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Fourth Industrial Revolution
Every day we see the emergence of new technologies. And every day we see a widening gap between progress and society’s ability to cope with its consequences. Whether it is an impending shift in the nature of work as technology changes production systems, or the ethical implications of reengineering what it means to be human, the changes we see around us threaten to overwhelm us if we cannot collaborate to understand and direct them.
Unprecedented and simultaneous advances in artificial intelligence (AI), robotics, the internet of things, autonomous vehicles, 3D printing, nanotechnology, biotechnology, materials science, energy storage, quantum computing and others are redefining industries, blurring traditional boundaries, and creating new opportunities. We have dubbed this the Fourth Industrial Revolution, and it is fundamentally changing the way we live, work and relate to one another.
This revolution is arriving on the back of a slew of transformative technologies. But it is much more than the sum of these technologies. The first industrial revolution came in on the back of a wave of innovation – the invention of the steam engine and the cotton mill, for instance – and represented a history-altering wave of systemic change such as urbanization, mass education and industrialization of agriculture. The second industrial revolution, with electrification and mass production, saw the advent of entirely new social models and ways of working, and the third industrial revolution – the digital revolution – provided the electronic and computing foundations for the radical shrinking of the world we have seen over the past five decades.
The same will be true this time – individual technologies will be influential, but the real change will be in the social and economic systems that shape our lives and how we live them.
The Fourth Industrial Revolution metaphor is most useful as a mental model to help business, government and society navigate the radical shifts that will occur as these technologies become embedded in our lives. We are encountering new business models as well as ethical, safety and social issues as emerging technologies come to life. But we have yet to collectively solve some of the most basic questions on critical issues such as the ownership of personal data, security of social infrastructure and systems, and the rights and responsibilities of the new leaders of our business landscape.
For a prosperous future, we must ask how all of us, and the technological systems we design and build, can serve the proper ends and not be confined to the means. Our efforts must focus on the impact of the Fourth Industrial Revolution on human beings, society and the environment, and not just focus on technological progress or economic productivity.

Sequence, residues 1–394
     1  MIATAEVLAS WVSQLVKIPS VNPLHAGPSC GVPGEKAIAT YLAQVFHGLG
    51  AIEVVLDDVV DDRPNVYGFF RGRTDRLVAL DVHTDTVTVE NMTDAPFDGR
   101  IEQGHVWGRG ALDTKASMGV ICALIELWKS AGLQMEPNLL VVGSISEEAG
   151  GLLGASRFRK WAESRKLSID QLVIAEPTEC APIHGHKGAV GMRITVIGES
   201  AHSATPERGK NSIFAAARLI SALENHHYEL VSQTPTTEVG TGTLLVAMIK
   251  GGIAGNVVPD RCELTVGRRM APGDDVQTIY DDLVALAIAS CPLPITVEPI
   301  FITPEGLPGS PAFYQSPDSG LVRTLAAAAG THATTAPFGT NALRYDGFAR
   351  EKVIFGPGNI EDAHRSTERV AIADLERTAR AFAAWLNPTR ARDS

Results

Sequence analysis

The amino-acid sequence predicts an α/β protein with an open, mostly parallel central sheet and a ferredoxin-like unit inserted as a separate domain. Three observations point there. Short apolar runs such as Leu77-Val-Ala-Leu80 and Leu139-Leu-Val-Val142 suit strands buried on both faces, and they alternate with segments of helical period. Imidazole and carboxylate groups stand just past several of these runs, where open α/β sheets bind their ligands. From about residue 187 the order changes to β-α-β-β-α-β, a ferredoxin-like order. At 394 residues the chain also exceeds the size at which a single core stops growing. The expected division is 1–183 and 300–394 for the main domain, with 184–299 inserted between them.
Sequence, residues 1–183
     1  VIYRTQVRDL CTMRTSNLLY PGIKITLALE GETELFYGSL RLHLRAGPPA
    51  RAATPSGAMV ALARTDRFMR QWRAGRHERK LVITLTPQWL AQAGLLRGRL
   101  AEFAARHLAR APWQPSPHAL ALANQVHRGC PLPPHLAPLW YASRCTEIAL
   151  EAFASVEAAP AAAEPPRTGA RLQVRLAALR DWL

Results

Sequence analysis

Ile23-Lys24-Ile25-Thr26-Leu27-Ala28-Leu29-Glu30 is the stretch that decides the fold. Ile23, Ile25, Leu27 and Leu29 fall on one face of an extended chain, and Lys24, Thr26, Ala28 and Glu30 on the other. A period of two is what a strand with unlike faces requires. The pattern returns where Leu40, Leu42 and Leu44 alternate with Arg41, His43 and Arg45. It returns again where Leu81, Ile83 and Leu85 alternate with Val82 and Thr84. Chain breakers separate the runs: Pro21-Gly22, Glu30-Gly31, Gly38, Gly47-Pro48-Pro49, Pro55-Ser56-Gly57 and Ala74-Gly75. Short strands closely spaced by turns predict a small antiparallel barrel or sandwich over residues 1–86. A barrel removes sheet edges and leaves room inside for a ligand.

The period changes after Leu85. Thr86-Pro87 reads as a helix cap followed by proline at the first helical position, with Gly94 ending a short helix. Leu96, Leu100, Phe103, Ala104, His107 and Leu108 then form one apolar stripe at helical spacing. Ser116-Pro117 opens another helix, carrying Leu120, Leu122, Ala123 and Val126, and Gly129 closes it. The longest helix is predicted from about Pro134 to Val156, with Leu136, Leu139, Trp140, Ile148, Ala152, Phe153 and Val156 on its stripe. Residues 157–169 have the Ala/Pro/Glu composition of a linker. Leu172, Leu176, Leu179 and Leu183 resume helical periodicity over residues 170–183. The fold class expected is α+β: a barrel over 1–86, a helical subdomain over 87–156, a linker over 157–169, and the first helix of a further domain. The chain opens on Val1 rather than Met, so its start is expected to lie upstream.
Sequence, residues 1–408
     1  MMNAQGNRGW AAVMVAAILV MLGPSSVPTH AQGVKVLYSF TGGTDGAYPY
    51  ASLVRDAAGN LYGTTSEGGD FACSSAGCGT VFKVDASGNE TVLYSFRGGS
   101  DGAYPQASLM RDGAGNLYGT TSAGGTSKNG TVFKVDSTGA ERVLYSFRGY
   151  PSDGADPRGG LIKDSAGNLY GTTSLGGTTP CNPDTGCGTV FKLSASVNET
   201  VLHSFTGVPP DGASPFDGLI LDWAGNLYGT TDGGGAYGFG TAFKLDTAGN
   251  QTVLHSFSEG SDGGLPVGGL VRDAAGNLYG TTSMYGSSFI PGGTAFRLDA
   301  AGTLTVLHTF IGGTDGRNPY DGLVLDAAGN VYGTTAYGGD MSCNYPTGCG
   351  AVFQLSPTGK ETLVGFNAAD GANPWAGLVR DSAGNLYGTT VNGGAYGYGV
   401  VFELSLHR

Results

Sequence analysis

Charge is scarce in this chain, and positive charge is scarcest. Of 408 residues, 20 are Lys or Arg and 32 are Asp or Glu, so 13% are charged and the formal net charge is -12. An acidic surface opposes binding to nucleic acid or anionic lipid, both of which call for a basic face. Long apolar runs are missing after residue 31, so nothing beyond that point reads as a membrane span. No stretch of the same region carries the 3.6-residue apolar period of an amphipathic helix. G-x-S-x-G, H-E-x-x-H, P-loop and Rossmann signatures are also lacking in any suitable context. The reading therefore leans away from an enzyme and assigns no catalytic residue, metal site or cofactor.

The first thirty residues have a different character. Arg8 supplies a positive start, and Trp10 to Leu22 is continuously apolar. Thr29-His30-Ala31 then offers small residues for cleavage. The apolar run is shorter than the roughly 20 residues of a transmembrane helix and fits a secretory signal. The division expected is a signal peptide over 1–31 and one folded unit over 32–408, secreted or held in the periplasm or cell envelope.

I see four principles which should guide our policy and practice as we progress further into this revolution.
Firstly, we must focus on systems rather than technologies, because the important considerations will be on the wide-reaching changes to business, society and politics rather than technologies for their own sake.
Secondly, we must empower our societies to master technologies and act to counter a fatalistic and deterministic view of progress. Otherwise, there is no room for optimism and positive transformation, and society’s agency is nullified.
Thirdly, we need to prioritize futures by design rather than default. Collaboration between all stakeholders must play a central role in how we integrate these transformative technologies. Otherwise, our future will be delivered by default.
And lastly, we must focus on key values as a feature of new technologies, rather than as a bug. Technologies used in a way that increase disparity, poverty, discrimination and environmental damage work against the future we seek. For the investment in these technologies to be justifiable, they must bring us a better world, not one of increased insecurity and dislocation.
The social and economic challenges posed by the Fourth Industrial Revolution are too much for any stakeholder to tackle alone. Business has an enormous amount at stake, as creating the conditions for safe and socially prosperous technology development and deployment is critical. Active government engagement is crucial, but without engagement and collaboration with those leading the revolution, governance will always be a step behind. And without an informed civil society understanding and engagement around the issues, we are likely to miss complex interactions on humanity, society and the environment.
The Fourth Industrial Revolution and the systemic changes it will usher in emphasize more than ever the critical need for collaborative engagement around increasingly complex and fast-moving issues. We need new ways of working together to tackle issues that arise faster than ever, provide clarity of operating environment for business, and provide society with confidence that it is moving forward into a technological future where the opportunities and benefits outweigh risks and unknowns. Leadership in these complex times requires nothing less than a wholesale shift of our mental models, a step change in collaborative engagement, and the ability to collectively envisage the futures that we want to create, and manage ourselves away from the dystopias which technological progress can conjure.
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The views expressed in this article are those of the author alone and not the World Economic Forum.
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